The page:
Generally, there are few rewards in concretions – concrete-like lumps of mineral buildup – when they’re pulled from the sea floor.
Unless they’re packed with an unpredictable jumble of Blackbeard’s stuff, such as grenades, cannonballs, navigational instruments, pewter plates, coins and broken gin flasks. And they’re even more intriguing when their contents are in various stages of being examined, cleaned, preserved and documented.
This week, the public will start getting behind-the-scenes access to the state facility where the concretions from the iconic villain’s flagship yield their secrets. There, a car-sized anchor is waiting patiently in a tank of water for cleaning, and cannons packed with gunpowder and iron balls by pirates 300 years ago are gently unloaded. The ship captained by the legendary Edward Teach (or Thatch), fresh from a blockade of Charleston, went aground off Beaufort in 1718.
The Queen Anne’s Revenge conservation lab, on a small satellite campus of East Carolina University a little more than an hour east of Raleigh, will offer regular monthly tours to the public starting Tuesday, plus various other opportunities to visit.
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“We’ve been accumulating so much material down there that we decided it’s time to start showing it to people,” said Stephen R. Claggett, the state archaeologist. “And what they do there is really interesting, all the behind-scenes-stuff that’s so important.”
The lab is where the artifacts, from cannons (one with loops of rope still tied on) and huge anchors to medical instruments and tiny glass beads, are taken after they’re raised from the wreck site. Their encrustations are gently removed, mainly with tiny, air-powered chisels, and the destructive salt leached out of metal, something that takes years for cannons.
It’s also where details about each artifact are meticulously documented, with measurements, drawings and photographs, and where the data about them are compiled.
The wreck was found in 1996 by a private research company just offshore near Beaufort and Atlantic Beach in about 25 feet of water. Archaeologists have been gradually recovering the artifacts from it, and plan to bring up the entire wreck eventually.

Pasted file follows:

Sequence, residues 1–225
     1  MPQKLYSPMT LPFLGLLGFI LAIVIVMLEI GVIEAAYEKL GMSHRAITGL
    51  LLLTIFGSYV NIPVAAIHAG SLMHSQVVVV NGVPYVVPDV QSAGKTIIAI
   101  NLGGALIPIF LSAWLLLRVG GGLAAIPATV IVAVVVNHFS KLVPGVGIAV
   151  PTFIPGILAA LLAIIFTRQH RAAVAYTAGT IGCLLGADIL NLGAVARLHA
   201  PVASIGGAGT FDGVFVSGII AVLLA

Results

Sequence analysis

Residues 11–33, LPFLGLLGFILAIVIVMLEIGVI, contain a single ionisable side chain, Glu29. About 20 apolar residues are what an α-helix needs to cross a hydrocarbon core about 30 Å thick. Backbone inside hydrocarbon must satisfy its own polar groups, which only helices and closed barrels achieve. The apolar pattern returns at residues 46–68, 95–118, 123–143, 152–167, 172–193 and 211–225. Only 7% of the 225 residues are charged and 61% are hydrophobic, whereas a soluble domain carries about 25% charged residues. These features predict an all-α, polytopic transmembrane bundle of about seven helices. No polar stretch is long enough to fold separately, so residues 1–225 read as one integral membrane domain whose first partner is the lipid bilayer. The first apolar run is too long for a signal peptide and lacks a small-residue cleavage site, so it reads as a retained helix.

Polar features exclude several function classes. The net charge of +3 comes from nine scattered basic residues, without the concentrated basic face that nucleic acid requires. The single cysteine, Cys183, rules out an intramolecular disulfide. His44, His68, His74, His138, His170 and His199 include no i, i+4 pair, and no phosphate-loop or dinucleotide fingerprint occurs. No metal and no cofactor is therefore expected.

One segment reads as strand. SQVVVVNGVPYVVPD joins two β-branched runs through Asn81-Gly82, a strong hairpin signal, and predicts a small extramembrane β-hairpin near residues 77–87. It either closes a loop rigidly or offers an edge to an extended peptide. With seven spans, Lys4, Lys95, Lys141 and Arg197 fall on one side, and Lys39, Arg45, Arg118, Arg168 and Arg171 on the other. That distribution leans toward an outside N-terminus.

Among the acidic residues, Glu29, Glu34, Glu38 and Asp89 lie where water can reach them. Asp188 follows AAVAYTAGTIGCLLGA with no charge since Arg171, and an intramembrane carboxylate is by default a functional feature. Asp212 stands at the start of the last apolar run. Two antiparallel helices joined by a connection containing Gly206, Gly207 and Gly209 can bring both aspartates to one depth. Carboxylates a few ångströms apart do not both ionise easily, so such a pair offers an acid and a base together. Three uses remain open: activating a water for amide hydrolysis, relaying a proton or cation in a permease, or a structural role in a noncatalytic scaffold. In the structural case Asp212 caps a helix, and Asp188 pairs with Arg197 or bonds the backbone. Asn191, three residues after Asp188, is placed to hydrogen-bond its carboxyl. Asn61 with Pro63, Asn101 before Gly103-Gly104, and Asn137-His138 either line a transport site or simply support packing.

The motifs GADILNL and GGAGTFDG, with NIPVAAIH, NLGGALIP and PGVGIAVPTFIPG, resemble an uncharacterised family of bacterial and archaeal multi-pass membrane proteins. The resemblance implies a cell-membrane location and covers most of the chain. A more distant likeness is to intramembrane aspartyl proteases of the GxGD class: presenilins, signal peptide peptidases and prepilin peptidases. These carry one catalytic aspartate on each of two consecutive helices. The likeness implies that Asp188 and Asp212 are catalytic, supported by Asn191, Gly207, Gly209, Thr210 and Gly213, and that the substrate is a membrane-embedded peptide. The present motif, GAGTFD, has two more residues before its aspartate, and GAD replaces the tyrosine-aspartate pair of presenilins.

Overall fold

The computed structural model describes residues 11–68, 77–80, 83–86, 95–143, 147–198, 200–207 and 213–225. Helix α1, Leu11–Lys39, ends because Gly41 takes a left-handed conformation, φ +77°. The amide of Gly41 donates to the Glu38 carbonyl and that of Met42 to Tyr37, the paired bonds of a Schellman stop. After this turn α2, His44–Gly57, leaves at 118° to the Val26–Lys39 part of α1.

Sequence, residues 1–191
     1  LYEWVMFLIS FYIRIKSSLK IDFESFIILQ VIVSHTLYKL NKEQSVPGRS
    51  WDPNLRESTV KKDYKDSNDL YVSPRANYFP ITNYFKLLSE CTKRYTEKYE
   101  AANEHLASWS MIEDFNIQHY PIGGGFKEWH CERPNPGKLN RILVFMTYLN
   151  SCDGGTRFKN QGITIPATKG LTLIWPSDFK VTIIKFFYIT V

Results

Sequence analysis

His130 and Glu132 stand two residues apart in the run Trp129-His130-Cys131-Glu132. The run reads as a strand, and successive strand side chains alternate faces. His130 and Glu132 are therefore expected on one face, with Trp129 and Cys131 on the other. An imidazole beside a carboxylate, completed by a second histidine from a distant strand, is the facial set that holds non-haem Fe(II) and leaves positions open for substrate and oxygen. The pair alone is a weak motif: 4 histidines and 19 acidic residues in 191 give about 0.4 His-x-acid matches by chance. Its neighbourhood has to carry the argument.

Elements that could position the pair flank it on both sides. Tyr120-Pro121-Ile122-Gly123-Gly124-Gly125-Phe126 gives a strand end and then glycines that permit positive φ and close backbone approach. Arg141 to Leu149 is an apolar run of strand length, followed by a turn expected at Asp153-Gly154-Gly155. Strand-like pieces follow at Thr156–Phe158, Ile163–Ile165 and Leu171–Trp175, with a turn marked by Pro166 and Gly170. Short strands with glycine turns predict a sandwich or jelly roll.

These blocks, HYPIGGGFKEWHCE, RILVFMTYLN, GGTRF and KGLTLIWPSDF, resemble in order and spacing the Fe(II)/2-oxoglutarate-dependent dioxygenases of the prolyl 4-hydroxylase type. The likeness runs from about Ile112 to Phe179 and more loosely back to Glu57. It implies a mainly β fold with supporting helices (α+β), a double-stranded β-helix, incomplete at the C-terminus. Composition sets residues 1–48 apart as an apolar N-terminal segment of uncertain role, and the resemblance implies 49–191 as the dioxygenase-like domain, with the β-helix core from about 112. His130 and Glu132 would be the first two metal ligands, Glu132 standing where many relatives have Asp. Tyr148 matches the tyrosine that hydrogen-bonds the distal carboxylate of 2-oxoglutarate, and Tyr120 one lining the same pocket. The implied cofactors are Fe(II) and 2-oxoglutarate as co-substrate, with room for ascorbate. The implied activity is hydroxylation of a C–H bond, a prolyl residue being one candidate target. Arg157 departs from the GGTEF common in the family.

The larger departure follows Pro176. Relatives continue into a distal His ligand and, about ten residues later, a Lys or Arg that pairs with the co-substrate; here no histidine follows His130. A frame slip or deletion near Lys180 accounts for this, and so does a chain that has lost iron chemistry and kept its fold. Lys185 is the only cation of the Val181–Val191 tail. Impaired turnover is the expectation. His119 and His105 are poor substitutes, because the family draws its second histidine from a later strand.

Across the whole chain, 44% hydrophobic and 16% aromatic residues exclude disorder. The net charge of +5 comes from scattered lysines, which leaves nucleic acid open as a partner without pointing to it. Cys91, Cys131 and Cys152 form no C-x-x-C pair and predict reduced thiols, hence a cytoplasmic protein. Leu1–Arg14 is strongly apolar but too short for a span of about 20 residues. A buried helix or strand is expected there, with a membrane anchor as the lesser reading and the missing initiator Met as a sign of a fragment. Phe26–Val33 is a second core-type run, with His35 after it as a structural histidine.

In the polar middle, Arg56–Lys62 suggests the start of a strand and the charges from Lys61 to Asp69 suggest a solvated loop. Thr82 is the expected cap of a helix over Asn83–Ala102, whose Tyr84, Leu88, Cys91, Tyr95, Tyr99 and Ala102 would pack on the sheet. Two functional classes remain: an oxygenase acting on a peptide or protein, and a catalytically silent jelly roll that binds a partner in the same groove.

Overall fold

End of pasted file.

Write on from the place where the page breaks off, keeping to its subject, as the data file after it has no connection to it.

The state maritime museum in Beaufort is officially designated as the repository for the ship’s artifacts. It houses a modest number of them now, and eventually it’s expected to expand to accommodate more.
But many of the more than 250,000 artifacts raised so far are still at the lab, some of them already cleaned up and ready for display, but until now out of the public eye. Among them are 16 of the 22 cannons recovered so far, one of the largest collections of cannons ever raised from a single shipwreck. And there are at least eight more on the sea bed that will eventually come to the lab.
The lab is part of the N.C. Department of Cultural Resources’ Underwater Archaeology Branch. Much of its operating costs, though, and costs for the annual recovery efforts at the wreck site are paid for by a nonprofit group called the Friends of the Queen Anne’s Revenge. Entry fees from the tours will go to that group.
About 60 percent of the wreckage has been recovered, and the archaeologists hope to finish the rest – mainly the bow area – in the next couple of years, said Kim Kenyon, one of the conservators who will lead the tours.
From the beginning, the public has been able to get a sense of the recovery via media reports, and it also has been able to see some of the cleaned and preserved artifacts once they go on display. But the biggest part of the Queen Anne’s Revenge project went on behind closed doors, at least until now, Kenyon said.
“We’re such a closed lab, and we wanted to be able to share what goes on here,” she said. “You see the recovery, you see the display, but we wanted to show what happens in between.”
What goes on at the lab is an unusual blend of science, technology, scholarship, art and plain hard work. And it’s a huge undertaking.
Beside the lab there is a warehouse that’s, coincidentally, about the length of the pirate ship. It’s jammed with nearly waist-high tanks containing solutions of water and chemicals that stabilize the condition of large artifacts and concretions until they can be cleaned. Large metal pieces such as the cannons remain in the tank after cleaning and electrical charges are used to drive the salt out of the metal, a process that takes years. Otherwise, when the artifact is dried, the salt would form crystals that would destroy the artifact.
The cannons and other large objects are cleaned in the warehouse. Others are brought into the main lab, which is the size of a large car repair shop, complete with bay doors.
There is also an industrial-size X-ray that can see through the cement-like concretions so that the conservators can tell what’s in them, and how much of the mineral coating they can remove, and where they can remove it, without damaging the artifact, Kenyon said.
Visitors will tour the warehouse, where they can see the largest anchor brought up so far, a 3,000-pound giant, and most of the recovered cannons.
And in the lab, they will see where and how the conservators work, and several arrays of cleaned artifacts will be set out for them to check out, perhaps years before they’re shown in a museum. These include pewter dinnerware, bar shot and cannonballs, navigational instruments and, perhaps the scariest thing on the entire ship, a pipe-like implement used for pirate enemas, perhaps the catalyst for the first utterance of the exclamation “Arrrrr!”
The conservators leading the tours will answer questions and explain the various conservation processes.
“It’s pretty neat stuff,” Claggett said. “I think of it as kind of this cross between a machine shop and of a chemistry lab, where they’re doing all this wizardry with chemicals and electricity.”